Melatonin Linked to Improved Brain Function in Child Concussion

Summary: Researchers identified a specific neural network that positively responds to melatonin following concussion in children. Results suggest melatonin may help compensate for normal brain function that has been interrupted due to injury caused by concussion and helps prevent sleep disturbances.

Source: University of Queensland

Melatonin could improve brain functions related to sleep quality in children recovering from concussion, according to a University of Queensland study.

Using the latest brain mapping techniques, researchers examined Magnetic Resonance Imaging (MRI) scans from 62 children before and after taking melatonin or a placebo in a randomised clinical trial.

Child Health Research Centre’s Dr Kartik Iyer said the study revealed that concussed children who received 3mg or 10mg of melatonin over a four-week period experienced significant improvement in whole-brain function and grey matter – brain regions which are essential for sleep control and cognition.

Dr Iyer said the MRI scans enabled the team to rapidly assess millions of neural connections to help guide treatment response.

“We identified a specific “network” of brain connections that positively responded to melatonin treatment, compared with placebo,” Dr Iyer said.

“The results suggest melatonin, when taken by children with concussion, compensated for normal brain functions that may have been interrupted due to injury.”

One of the most common complaints after childhood concussion is sleep disturbance and fatigue, which can persist for years.

Dr Iyer said this could have a detrimental effect on brain function and anatomy and potentially hinder progress to normal development.

“A good night’s sleep is essential for children as it allows them to consolidate what they’ve learned throughout the day and restore energy for the day ahead,” he said.

This shows a sleeping child
One of the most common complaints after childhood concussion is sleep disturbance and fatigue, which can persist for years. Image is in the public domain.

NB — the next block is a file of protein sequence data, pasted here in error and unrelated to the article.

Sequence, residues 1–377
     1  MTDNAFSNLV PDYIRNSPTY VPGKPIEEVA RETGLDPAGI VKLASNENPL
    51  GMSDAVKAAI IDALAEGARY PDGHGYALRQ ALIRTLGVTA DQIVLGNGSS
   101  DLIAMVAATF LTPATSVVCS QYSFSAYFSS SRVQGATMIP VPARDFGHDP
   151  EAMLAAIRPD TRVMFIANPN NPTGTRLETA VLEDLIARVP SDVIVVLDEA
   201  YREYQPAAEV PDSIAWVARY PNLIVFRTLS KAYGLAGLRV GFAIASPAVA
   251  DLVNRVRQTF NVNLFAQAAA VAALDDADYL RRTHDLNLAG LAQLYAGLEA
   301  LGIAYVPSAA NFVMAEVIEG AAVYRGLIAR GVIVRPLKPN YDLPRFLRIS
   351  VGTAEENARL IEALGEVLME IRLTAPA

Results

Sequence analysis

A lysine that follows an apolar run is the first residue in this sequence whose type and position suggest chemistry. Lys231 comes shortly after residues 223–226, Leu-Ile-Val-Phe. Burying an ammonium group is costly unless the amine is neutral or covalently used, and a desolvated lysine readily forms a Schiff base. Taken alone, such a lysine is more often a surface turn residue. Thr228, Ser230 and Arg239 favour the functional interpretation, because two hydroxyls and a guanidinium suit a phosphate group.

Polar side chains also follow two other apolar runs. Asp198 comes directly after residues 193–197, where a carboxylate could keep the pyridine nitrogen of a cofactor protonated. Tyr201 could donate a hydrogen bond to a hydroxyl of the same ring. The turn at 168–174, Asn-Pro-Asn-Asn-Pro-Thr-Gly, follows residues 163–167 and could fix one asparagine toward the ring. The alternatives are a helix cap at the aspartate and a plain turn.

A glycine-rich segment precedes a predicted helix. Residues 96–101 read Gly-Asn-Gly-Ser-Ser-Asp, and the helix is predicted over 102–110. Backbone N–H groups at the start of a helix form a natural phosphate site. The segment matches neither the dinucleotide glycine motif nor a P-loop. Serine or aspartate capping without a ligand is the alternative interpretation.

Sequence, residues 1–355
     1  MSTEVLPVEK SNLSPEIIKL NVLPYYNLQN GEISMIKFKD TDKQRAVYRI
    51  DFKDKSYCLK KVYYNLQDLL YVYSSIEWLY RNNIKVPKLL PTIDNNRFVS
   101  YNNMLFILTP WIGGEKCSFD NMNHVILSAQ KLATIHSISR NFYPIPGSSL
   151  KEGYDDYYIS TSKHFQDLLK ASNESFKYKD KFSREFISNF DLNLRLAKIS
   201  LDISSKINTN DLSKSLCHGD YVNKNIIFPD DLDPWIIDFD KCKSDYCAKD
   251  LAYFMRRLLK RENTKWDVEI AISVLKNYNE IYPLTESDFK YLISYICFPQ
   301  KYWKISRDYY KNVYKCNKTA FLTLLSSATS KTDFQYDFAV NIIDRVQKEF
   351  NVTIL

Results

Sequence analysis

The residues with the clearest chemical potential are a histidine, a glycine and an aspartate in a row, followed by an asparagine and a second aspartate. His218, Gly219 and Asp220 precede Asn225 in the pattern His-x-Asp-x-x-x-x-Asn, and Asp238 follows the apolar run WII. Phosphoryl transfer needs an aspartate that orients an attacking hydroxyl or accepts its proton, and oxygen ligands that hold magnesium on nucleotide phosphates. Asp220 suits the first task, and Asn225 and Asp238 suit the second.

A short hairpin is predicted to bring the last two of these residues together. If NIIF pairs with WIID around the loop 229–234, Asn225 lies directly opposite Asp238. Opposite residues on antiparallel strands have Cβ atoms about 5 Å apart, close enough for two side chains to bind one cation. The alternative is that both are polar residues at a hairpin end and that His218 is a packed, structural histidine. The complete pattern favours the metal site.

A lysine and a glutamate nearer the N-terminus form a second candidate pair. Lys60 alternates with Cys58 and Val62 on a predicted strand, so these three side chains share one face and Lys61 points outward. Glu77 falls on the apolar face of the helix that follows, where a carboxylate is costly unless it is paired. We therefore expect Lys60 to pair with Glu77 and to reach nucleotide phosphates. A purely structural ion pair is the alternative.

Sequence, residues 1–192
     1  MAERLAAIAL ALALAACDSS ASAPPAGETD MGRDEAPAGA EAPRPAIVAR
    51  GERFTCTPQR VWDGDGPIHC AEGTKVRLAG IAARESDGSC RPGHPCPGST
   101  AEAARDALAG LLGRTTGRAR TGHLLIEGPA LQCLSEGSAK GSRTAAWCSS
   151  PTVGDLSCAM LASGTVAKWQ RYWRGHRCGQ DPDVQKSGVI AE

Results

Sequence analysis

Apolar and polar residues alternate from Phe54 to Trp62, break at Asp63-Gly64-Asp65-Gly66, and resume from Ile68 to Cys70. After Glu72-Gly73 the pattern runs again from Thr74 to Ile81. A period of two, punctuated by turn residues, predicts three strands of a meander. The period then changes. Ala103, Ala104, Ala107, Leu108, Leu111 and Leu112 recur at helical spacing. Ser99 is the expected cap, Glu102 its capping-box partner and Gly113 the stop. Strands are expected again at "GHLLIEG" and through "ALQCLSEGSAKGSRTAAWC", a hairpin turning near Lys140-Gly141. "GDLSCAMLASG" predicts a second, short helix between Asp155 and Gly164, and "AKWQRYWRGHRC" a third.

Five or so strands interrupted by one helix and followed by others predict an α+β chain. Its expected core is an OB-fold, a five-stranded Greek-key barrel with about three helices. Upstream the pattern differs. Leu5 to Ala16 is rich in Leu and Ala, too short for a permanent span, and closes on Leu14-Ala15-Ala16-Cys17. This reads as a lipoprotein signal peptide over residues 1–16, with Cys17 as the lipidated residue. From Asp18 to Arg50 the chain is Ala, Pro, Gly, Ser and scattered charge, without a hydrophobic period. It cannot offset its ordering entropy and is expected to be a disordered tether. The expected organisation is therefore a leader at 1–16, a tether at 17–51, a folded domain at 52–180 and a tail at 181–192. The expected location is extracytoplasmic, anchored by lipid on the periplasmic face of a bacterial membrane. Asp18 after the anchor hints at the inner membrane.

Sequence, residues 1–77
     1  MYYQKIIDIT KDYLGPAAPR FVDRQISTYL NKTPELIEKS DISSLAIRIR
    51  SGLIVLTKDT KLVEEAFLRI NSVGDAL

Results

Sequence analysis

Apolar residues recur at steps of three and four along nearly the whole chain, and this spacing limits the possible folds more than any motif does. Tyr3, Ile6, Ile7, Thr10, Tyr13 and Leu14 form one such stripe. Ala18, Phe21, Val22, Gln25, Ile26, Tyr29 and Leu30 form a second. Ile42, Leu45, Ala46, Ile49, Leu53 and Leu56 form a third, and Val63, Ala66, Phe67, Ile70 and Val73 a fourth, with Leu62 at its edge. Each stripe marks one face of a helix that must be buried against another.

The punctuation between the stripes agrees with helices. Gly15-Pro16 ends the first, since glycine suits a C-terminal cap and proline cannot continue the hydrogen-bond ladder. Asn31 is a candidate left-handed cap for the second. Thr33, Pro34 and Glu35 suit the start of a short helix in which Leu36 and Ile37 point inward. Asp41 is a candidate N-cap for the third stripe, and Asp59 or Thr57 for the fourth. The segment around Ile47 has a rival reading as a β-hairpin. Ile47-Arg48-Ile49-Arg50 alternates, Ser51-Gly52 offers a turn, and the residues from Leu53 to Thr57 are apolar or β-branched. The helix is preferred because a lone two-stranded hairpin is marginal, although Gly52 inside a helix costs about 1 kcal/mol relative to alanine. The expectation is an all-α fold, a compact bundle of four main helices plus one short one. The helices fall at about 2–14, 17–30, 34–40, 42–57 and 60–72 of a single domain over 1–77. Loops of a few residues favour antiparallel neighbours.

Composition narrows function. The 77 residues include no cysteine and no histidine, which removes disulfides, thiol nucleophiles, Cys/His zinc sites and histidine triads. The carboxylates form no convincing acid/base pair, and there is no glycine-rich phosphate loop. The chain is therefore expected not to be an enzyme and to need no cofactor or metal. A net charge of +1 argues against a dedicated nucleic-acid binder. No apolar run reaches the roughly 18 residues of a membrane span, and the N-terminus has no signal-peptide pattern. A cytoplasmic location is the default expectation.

“Our study shows that melatonin, when taken orally over several weeks, may reduce sleep disturbances and improve sleep quality.”

However, the team found solving sleep problems may only be part of the answer in aiding recovery.

“A surprising aspect of the study was that not all children made a full recovery from concussion just by taking melatonin,” Dr Iyer said.

“Even though increases in brain functions and grey matter corresponded with decreases in sleep disturbance and fatigue, the supplement didn’t resolve other common concussion symptoms such as memory problems, anxiety and depression.”

Parents are advised to consult their doctor or neurologist if their child is having sustained sleeping problems following a concussion to assess their suitability for short-term use of melatonin.

About this neurology research article

University of Queensland
Kartik Iyer – University of Queensland
Image Source:
The image is in the public domain.

Original Research: Closed access
“Neural signatures of sleep recovery following melatonin treatment for pediatric concussion” by Dr. Kartik Iyer, Dr. Andrew Zalesky, Dr. Luca Cocchi, and Dr. Karen Maria Barlow. Journal of Neurotrauma.


Neural signatures of sleep recovery following melatonin treatment for pediatric concussion

Evidence-based treatments for children with persistent post-concussion symptoms (PPCS) are few and limited. Common PPCS complaints such as sleep disturbance and fatigue could be ameliorated via the supplementation of melatonin, which has significant neuroprotective and anti-inflammatory properties. This study aims to identify neural signatures of melatonin treatment with changes in sleep disturbances and clinical recovery in a pediatric cohort with PPCS. We examined structural and functional neuroimaging (MRI) in 62 children with PPCS in a randomized, double-blind, placebo-controlled trial of 3mg or 10mg of melatonin (NCT01874847). The primary outcome was the total youth self-report Post-Concussion Symptom Inventory (PCSI) score after 28 days of treatment. Secondary outcomes included the change in the sleep domain PCSI score and sleep-wake behavior (assessed using wrist-worn actigraphy). Whole-brain analyses of (i) functional connectivity (FC) of resting-state fMRI, and (ii) structural grey matter (GM) volumes via voxel-based morphometry were assessed immediately before and after melatonin treatment and compared to placebo in order to identify neural effects of melatonin treatment. Increased FC of posterior default mode network (DMN) regions with visual, somatosensory and dorsal networks was detected in the melatonin groups over time. FC increases also corresponded with reduced wake periods (r=-0.27, p=0.01). Children who did not recover (n=39) demonstrated significant FC increases within anterior DMN and limbic regions compared to those that did recover (i.e. PCSI scores returned to pre-injury level n=23) over time, (p=0.026). Increases in GM volume within the posterior cingulate cortex were found to correlate with reduced wakefulness after sleep onset (r=-0.32, p=0.001) and sleep symptom improvement (r=0.29, p=0.02). Although melatonin treatment did not improve PPCS overall clinically, our study finds that melatonin treatment significantly improved subjective and objective sleep parameters with related function-structure relationships within and between brain regions interacting with the DMN.

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